Some are a bit more alarming. eg. a call from people at a Large Defence Contractor in the USA asking who their 'CentOS Technical Account Manager' was and if I knew what the SLA terms were. Or the time when I got a call from a hosting company's Data Center saying there was a fire in the DC and they wanted to know if their CentOS backups were intact.
It's not something new, I've had these calls over the years from maybe 2008 or so. At one point, when it was really hectic with almost 10 to 12 calls a week, in 2010 I was seriously considering changing my number. Just doing the 'ignore if the number isnt in the address book' wasent scaling for me. But I didnt, the process of changing my number with everyone I knew was too much hassle, so I started giving people an alternative number and mostly started ignoring the 'popular' old mobile number. The number of such calls has now drastically reduced. I get maybe 1 or 2 in a week and in many cases I answer them and have had the odd interesting conversation. But realistacally, I think the time has come to change that number.
What I will, however, do is offer up a Voip line : +44-207-0999389 ; This terminates at a phone that I have on my desk. And I will try to make sure its turned on whenever I am doing CentOS stuff, or am in 'Open Source' mode. Go ahead, use that number - give me a call and if I am around, would love to have a chat. But please stop calling me on my mobile.
btw, I have tried to find my own number and failed to do so - even entering parts of the numbers into the various search engines does not bring up my mobile number. So, I have no idea where all these people suceed in finding it ?
If you are a web hosting company and deploying CentOS 5 or 6 images in a Cloud, I want to speak with you. Please get in touch via one of the mechanisms listed at : http://www.karan.org/contact.html
Alternatively, if you use services from a hosting company that uses CentOS images in a cloud : drop me a line and let me know about them, I will try and reach out directly.
Thanks in advance and look forward to getting in touch with some of you guys.
Looks like EL5.8 just got released upstream. Lots of sources just showed up on the ftp sites. Time to start up the CentOS-5 buildsystem.
I am often surprised by the sort of questions asked in the forums or on irc around open source projects - it just feels as if people are going out of their way to inflict pain and suffering upon themselves by trying to find the most awkward and most complicated way to do things. So how can we better help these people ? We dont need to save them or anything as drastic like that, its just a case of being able to show or explain that there might be a better way.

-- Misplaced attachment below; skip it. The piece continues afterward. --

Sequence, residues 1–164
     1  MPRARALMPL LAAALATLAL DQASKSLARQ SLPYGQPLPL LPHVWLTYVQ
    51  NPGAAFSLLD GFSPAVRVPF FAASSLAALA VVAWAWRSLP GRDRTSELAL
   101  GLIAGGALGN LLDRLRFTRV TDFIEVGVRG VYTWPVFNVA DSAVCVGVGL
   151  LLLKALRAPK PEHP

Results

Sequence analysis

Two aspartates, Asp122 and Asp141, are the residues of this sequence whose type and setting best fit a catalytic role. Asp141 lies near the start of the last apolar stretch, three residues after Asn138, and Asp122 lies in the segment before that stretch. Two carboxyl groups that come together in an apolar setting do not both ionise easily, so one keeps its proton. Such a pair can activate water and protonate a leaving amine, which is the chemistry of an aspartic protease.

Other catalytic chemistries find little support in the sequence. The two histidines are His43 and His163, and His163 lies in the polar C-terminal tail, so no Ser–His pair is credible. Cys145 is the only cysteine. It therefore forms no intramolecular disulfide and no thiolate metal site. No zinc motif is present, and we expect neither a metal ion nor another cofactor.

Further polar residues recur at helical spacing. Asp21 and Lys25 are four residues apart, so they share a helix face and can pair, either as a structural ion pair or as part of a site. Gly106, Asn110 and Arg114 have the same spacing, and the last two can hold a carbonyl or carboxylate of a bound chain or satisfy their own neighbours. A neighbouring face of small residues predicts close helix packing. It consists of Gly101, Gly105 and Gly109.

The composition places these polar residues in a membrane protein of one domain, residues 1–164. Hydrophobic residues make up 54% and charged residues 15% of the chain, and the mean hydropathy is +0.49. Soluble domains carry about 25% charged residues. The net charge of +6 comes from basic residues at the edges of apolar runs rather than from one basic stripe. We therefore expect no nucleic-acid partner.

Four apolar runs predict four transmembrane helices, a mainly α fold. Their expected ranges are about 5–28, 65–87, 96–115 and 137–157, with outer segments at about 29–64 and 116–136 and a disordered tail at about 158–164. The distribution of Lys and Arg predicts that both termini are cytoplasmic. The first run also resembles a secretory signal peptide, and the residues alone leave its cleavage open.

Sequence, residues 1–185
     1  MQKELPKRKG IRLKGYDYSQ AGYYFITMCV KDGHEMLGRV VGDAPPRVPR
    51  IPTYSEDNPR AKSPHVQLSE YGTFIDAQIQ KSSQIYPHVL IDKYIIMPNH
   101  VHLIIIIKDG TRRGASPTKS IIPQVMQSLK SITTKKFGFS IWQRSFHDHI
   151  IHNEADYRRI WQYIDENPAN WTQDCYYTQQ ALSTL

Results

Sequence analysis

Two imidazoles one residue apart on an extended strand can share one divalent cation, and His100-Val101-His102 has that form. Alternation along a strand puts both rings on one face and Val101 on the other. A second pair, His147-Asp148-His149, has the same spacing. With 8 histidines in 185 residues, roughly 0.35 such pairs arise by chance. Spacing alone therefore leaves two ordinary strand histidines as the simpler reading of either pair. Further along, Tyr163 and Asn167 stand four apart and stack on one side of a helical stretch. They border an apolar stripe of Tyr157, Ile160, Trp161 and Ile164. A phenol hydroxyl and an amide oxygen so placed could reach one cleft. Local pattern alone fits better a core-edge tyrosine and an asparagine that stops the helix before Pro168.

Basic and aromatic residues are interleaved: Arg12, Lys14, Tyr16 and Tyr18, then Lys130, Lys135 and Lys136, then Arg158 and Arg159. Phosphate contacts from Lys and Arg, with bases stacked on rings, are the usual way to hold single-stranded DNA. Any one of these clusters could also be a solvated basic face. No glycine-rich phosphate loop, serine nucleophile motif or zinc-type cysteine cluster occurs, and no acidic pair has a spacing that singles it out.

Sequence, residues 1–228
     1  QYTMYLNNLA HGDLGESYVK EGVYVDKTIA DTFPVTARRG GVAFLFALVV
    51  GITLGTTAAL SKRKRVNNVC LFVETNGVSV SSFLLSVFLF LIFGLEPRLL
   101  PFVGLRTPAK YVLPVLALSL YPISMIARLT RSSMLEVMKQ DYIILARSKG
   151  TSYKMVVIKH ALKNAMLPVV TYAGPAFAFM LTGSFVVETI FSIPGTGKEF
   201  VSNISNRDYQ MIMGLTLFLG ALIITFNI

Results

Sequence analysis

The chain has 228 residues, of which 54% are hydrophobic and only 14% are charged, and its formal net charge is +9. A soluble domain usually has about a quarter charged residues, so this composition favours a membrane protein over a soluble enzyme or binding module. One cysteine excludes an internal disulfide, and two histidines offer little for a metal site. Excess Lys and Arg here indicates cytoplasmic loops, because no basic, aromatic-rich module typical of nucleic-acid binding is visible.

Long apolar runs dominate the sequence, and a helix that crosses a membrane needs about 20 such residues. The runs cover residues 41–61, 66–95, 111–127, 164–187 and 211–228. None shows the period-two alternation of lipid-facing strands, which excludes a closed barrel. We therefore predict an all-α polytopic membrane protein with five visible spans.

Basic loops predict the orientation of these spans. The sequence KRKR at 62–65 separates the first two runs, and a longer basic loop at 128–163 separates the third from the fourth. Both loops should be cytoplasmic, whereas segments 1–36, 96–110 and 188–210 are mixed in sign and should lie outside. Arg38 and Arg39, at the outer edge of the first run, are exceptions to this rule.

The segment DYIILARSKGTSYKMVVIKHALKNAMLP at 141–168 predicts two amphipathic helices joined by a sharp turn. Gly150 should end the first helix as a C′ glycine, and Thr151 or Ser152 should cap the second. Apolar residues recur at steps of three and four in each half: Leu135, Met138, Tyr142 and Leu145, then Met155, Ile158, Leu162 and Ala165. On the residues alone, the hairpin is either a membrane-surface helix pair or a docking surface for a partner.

The first thing that I've started now doing, when asked a strange question is ask the person 'What are you really trying to achieve?'. You might be amazed how many times the answer has nothing to do with the question being asked. Try to establish what the end goal is, and in many cases its clear that the person has been lead astray by random posts on the internet, some of which are perfectly fine in their own context, but can be quite a kludge outside that context.
Establishing, clearly what the goal is before advice or opinion is thrown at people will always result in a better overall experience. And to the people spending their time in the irc channels, web forums and mailing lists helping others out : must respect. You guys are the ones making the idea of Communities and Open Source work.
Looks like I will need to get a Visa again to visit Belgium for Fosdem 2012. This is starting to get a bit irritating now, six times I've been to Fosdem and every time they have asked me to come in for an interview before they give me a visa; once again ? Surely by now it should be possible to get onto the visa-by-post process.
So HP is getting in on the high density compute node game. And looking at http://www.theregister.co.uk/2011/11/01/hp_redstone_calxeda_servers/ they are doing it with a twist : use ARM chips. That being beside the point, I think these would make for fantastic machines where individual thread performance isnt that much of a deal, but being able to get lots of threads going is. PostGres-XC as an example. Rails apps are another great example where a cluster-in-a-box can be an attractive option.
Might be worth noting that while its getting most of its attention based on the ARM buzzword, they seem to be saying that Intel as well as AMD cpus might make it into these machines as well. So while OS options might be somewhat limited at the moment, that problem should solve itself fairly easily.